The Center for Medical Image Science and Visualization (CMIV) is first in the world to install a completely new type of computer tomograph (CT scanner) in a clinical environment. It provides considerably higher resolution and gives significantly smaller radiation doses to patients than previous machines.
“We are incredibly happy and proud to be given this opportunity, in competition with all the large universities in the world. It means a great deal to us: it’s a major step forward for research and in the long term also for our patients”, says Anders Persson, professor of medical imaging science and director of CMIV.
The new CT scanner is manufactured by the German company Siemens, whose management and scientific advisory council have decided to place the machine at Linköping University. It will initially be used in research.
“This is a completely new technique that has been under testing for several years at the Mayo Clinic in Rochester, Minnesota, USA. Another CT that uses the new technique will be installed also there, and we have extensive research collaboration with the clinic”, says Anders Persson.
20 years of research
In currently available CT scanners, X-rays are emitted in a fan-like bundle, determine the degree to which the radiation is attenuated in the patient. The scanner rotates at four revolutions per second and the images are subsequently combined pixel for pixel to form a three-dimensional image of organs and tissue. The technology, however, sets a limit to how high a resolution can be obtained.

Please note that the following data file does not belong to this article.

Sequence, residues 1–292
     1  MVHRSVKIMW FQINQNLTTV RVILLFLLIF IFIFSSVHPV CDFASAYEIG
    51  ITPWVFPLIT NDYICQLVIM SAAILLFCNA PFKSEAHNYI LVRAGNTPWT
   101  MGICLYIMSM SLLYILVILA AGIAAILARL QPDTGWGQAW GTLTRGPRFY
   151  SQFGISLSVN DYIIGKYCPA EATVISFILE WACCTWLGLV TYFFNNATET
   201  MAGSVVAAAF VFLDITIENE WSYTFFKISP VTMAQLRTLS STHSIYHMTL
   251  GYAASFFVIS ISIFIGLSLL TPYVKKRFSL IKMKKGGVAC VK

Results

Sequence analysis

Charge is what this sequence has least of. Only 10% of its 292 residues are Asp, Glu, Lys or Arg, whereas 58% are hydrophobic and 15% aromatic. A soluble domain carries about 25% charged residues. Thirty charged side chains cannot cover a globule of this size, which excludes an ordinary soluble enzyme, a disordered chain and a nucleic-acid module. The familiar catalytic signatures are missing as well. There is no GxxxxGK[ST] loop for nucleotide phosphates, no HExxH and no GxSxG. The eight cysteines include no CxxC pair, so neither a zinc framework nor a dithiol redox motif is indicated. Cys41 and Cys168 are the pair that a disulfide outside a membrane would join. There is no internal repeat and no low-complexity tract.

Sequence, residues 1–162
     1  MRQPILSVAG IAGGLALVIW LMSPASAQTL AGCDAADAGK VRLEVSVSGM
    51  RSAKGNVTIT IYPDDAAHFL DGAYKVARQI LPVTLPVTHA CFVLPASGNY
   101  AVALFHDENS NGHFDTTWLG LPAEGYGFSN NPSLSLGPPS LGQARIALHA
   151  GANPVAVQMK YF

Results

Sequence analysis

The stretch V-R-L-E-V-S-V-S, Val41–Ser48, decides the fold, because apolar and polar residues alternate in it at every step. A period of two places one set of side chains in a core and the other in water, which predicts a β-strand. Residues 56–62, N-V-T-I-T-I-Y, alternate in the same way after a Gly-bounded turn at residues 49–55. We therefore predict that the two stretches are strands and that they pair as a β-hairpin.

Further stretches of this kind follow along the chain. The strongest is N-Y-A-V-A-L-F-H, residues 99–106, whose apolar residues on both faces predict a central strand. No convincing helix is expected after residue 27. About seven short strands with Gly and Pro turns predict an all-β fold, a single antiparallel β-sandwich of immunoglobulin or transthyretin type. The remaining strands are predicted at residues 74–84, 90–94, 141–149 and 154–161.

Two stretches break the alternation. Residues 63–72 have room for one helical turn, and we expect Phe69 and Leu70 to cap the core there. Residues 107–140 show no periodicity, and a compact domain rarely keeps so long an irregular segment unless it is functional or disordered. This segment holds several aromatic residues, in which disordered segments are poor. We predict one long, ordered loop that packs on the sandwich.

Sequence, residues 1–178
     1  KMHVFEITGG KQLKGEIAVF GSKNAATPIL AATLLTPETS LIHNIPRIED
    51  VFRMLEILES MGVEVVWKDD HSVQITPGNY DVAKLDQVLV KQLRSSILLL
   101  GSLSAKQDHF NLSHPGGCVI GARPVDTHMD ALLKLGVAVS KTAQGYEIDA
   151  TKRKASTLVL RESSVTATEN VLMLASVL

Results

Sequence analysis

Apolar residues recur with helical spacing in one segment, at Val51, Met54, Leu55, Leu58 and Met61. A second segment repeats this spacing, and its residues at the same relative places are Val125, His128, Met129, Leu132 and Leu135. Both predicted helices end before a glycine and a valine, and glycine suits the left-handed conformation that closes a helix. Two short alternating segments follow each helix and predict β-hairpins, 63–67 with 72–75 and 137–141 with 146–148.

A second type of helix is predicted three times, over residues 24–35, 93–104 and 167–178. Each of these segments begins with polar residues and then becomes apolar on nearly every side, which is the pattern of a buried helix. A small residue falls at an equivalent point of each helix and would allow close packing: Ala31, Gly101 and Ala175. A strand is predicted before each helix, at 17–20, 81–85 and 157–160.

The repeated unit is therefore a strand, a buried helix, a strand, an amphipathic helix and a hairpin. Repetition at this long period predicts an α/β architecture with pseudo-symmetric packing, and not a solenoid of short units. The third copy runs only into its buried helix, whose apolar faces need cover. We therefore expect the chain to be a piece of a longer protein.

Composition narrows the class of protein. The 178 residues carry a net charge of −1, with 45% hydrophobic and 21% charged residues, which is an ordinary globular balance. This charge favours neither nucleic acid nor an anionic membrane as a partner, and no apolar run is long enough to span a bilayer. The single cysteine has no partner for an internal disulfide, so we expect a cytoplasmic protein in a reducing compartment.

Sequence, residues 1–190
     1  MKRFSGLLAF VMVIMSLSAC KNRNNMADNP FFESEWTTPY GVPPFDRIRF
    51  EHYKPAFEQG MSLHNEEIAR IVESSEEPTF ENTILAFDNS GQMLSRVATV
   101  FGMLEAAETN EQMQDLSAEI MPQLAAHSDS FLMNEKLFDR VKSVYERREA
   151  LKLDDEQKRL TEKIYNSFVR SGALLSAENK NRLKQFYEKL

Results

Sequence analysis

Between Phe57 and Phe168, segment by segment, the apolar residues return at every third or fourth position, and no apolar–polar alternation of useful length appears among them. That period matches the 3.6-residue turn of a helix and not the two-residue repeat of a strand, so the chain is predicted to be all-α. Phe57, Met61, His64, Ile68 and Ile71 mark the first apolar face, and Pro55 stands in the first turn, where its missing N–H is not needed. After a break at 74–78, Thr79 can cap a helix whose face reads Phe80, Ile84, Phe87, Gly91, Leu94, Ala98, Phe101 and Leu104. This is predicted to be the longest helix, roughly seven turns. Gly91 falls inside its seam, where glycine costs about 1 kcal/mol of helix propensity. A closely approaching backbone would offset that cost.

“The conventional technology used today gives a resolution of 0.35 mm at most, in certain parts of the body. This is not sufficient when we want to look at, for example, the walls of the coronary arteries”, says Anders Persson.
For 20 years, researchers have been seeking a technique that gives higher resolution. The new scanner at CMIV has a photon counter that measures the energy of each individual X-ray photon. It is the first in the world to be installed at a clinic with diagnostic operations.
Great benefit to the patients
“We can measure the energy of each individual X-ray photon, which means that we can measure the spectrum in different tissues and identify the elements present. We achieve a very high resolution with an extremely low radiation dose, which is a great benefit to the patients. We hope that we will be able to use the machine in daily clinical operations within a few years”, says Anders Persson.
The researchers now plan to investigate the performance of the new scanner in projects that will look at ligaments, coronary arteries, osteoporosis, lesions in the liver, and for investigations of the pancreas, brain and auditory bones. Many other important applications await. Most of the work will be carried out in collaboration with the Mayo Clinic.
Professor Kajsa Uvdal, in collaboration with Anders Persson and others, was awarded nearly SEK 18 million from the Swedish Research Council in December 2019 for a project investigating the body’s endogenous molecular contrast agents. This interdisciplinary project will use the new scanner.
Written by Monica Westman Svenselius, Translated by George Farrants
Source: Linköping University